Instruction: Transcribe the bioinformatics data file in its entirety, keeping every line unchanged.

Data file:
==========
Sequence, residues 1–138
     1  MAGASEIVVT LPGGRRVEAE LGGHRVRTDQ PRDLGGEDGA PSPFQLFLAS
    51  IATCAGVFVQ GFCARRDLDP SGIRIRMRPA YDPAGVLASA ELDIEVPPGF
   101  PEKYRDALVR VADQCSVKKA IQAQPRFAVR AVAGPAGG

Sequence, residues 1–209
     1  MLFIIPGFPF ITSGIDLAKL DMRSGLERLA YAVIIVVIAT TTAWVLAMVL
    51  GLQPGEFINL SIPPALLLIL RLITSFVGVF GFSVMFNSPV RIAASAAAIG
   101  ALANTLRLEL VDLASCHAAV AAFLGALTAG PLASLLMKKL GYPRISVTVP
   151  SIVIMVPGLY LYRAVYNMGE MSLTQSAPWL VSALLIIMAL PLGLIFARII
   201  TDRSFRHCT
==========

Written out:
Sequence, residues 1–138
     1  MAGASEIVVT LPGGRRVEAE LGGHRVRTDQ PRDLGGEDGA PSPFQLFLAS
    51  IATCAGVFVQ GFCARRDLDP SGIRIRMRPA YDPAGVLASA ELDIEVPPGF
   101  PEKYRDALVR VADQCSVKKA IQAQPRFAVR AVAGPAGG

Sequence, residues 1–209
     1  MLFIIPGFPF ITSGIDLAKL DMRSGLERLA YAVIIVVIAT TTAWVLAMVL
    51  GLQPGEFINL SIPPALLLIL RLITSFVGVF GFSVMFNSPV RIAASAAAIG
   101  ALANTLRLEL VDLASCHAAV AAFLGALTAG PLASLLMKKL GYPRISVTVP
   151  SIVIMVPGLY LYRAVYNMGE MSLTQSAPWL VSALLIIMAL PLGLIFARII
   201  TDRSFRHCT